Today's Veterinary Practice

JAN-FEB 2018

Today's Veterinary Practice provides comprehensive information to keep every small animal practitioner up to date on companion animal medicine and surgery as well as practice building and management.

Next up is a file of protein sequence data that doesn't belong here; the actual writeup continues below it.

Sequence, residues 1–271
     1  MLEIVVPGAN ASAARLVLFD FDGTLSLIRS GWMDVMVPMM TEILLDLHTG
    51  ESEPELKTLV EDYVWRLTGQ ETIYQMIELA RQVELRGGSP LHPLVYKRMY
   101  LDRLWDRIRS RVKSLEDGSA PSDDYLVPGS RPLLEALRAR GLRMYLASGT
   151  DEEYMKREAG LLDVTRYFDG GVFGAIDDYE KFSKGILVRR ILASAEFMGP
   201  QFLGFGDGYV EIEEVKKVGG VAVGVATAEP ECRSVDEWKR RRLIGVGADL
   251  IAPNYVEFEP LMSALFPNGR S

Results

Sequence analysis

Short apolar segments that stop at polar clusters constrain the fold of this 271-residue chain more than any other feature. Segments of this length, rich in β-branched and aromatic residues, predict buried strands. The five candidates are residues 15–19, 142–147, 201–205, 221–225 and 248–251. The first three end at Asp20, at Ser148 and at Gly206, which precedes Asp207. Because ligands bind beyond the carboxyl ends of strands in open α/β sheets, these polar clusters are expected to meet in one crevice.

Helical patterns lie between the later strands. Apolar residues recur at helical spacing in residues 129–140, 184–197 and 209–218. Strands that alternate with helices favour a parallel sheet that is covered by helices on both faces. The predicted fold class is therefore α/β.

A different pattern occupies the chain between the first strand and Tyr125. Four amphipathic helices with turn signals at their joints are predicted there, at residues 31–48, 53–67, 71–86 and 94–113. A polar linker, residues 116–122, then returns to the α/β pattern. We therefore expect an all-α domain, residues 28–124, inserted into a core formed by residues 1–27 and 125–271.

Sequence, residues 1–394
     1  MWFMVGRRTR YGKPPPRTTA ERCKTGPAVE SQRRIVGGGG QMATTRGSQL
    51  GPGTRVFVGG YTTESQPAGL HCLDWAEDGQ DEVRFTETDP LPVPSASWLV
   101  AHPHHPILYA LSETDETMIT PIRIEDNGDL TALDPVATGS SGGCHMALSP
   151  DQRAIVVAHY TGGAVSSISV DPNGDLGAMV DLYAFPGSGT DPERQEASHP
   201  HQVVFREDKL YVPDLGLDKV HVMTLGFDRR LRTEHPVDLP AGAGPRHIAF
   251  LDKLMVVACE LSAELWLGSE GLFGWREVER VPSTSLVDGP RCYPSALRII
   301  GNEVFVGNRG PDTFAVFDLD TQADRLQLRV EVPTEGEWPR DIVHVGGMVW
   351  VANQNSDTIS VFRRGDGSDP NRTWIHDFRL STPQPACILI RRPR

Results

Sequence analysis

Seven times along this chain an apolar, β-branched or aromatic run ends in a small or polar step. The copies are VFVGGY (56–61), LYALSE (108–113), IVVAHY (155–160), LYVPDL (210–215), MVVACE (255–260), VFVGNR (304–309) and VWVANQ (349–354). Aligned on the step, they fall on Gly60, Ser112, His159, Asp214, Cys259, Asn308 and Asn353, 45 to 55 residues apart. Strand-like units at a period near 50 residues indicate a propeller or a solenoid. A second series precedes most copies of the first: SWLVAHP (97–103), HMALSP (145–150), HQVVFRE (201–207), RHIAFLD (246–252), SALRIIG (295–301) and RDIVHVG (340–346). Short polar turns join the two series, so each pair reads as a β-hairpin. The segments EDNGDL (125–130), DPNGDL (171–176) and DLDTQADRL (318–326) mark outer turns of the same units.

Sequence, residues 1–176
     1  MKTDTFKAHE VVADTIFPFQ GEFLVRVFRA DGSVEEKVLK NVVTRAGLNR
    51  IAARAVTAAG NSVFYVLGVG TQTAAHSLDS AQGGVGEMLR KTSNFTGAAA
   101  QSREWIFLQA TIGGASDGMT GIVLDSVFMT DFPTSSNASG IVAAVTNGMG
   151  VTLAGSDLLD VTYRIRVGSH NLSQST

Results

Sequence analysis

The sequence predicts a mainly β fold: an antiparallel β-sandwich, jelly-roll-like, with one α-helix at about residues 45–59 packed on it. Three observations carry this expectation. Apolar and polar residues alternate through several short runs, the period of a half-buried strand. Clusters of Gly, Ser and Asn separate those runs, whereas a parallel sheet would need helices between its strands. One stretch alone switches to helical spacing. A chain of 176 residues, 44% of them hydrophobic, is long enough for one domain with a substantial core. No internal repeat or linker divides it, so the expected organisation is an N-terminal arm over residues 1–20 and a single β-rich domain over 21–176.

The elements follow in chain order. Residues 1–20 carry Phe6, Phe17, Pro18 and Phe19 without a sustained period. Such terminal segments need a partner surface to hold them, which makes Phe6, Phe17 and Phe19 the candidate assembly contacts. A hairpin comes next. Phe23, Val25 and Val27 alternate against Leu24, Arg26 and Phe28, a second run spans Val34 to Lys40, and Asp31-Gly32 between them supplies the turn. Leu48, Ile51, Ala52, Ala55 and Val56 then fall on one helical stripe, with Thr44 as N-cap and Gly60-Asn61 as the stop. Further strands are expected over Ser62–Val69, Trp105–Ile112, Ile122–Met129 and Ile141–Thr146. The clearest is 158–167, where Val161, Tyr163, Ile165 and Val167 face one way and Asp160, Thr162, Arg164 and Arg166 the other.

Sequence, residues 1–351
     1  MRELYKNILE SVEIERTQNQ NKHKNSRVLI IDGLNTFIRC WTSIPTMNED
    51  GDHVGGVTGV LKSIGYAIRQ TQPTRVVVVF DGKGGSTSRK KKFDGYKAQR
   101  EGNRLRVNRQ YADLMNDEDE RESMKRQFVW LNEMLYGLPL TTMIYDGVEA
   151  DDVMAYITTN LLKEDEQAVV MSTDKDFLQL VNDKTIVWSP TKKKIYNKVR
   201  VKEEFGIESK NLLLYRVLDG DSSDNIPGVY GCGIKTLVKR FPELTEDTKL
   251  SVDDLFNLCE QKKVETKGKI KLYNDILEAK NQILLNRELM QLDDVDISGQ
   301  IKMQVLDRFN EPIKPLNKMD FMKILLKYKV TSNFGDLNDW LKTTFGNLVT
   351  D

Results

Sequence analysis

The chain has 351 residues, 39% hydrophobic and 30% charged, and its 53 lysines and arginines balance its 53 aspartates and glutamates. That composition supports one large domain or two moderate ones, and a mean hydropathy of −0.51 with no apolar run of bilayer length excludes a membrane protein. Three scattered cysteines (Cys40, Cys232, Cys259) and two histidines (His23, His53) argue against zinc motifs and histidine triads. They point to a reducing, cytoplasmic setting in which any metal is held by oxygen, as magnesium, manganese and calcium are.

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PEER REVIEWED 64 FLUID THERAPY Hydration status should be interpreted with the clinical status of the patient in mind. For example, hypersalivation in a nauseated patient may result in moist mucous membranes, but the patient may still have decreased skin turgor, indicating dehydration. Conversely, decreased skin turgor may be present in emaciated or older animals regardless of hydration status. In pediatric animals, skin turgor is often maintained because of increased skin elasticity, making this finding more difficult to interpret in this population. Assessment of Intravascular Volume Intravascular volume can also be assessed on physical examination. Signs of decreased intravascular volume, or hypovolemia, include increased heart rate, fair or weak pulses, coolness of the distal limbs, weakness, and pale mucous membranes. Although blood pressure can initially be normal or even high in the early stages of hypovolemic shock, a normal blood pressure in conjunction with physical examination findings consistent with hypovolemia should not dissuade clinicians from considering hypovolemia and treating appropriately because compensated shock will eventually progress to the uncompensated stage. METHOD OF DELIVERY The 4 primary means of fluid delivery are intravenous (IV), intraosseous, subcutaneous (SC), and enteral. IV fluid administration is generally preferred for hospitalized patients because the delivery rate can be controlled and changed quickly depending on patient requirements. Intraosseous catheters can be placed in neonates, exotic patients, and other small animals in which IV access cannot be obtained, but these catheters may not be tolerated for extended periods once patients have been resuscitated. SC fluids are not recommended for hospitalized patients because they are more difficult to titrate. In addition, patients with intravascular deficits require more aggressive support; SC fluids are not adequately absorbed because of peripheral vasoconstriction and so are not indicated for treating shock. Patients that are easily overloaded may receive too much fluid with no means of discontinuation once fluids are administered, resulting in fluid overload. In patients that are being discharged from the hospital, SC fluids may become a component of home care if they are well tolerated and there are ongoing excessive fluid losses. Enteral fluids are ideal in patients that can tolerate them because enteral delivery is the most physiologic method to provide water. Many hospitalized patients cannot take in adequate water for various reasons (eg, vomiting, nausea, hypotension). If a patient can tolerate FIGURE 3. Dehydrated cat on IV fluids. Note the sunken eyes. TABLE 1 Subjective Estimation of Percentage Dehydration Based on Physical Examination Parameters 5 ESTIMATED DEHYDRATION PHYSICAL EXAMINATION FINDINGS <5% Not detectable 5%–6% Tacky mucous membranes 6%–8% Decreased skin turgor Dry mucous membranes 8%–10% Retracted globes within orbits 10%–12% Persistent skin tent Dull corneas Evidence of hypovolemia >12% Hypovolemic shock Death Data adapted from reference 5. The 4 primary means of fluid delivery are intravenous (IV), intraosseous, subcutaneous (SC), and enteral. IV fluid administration is generally preferred for hospitalized patients because the delivery rate can be controlled and changed quickly depending on patient requirements.

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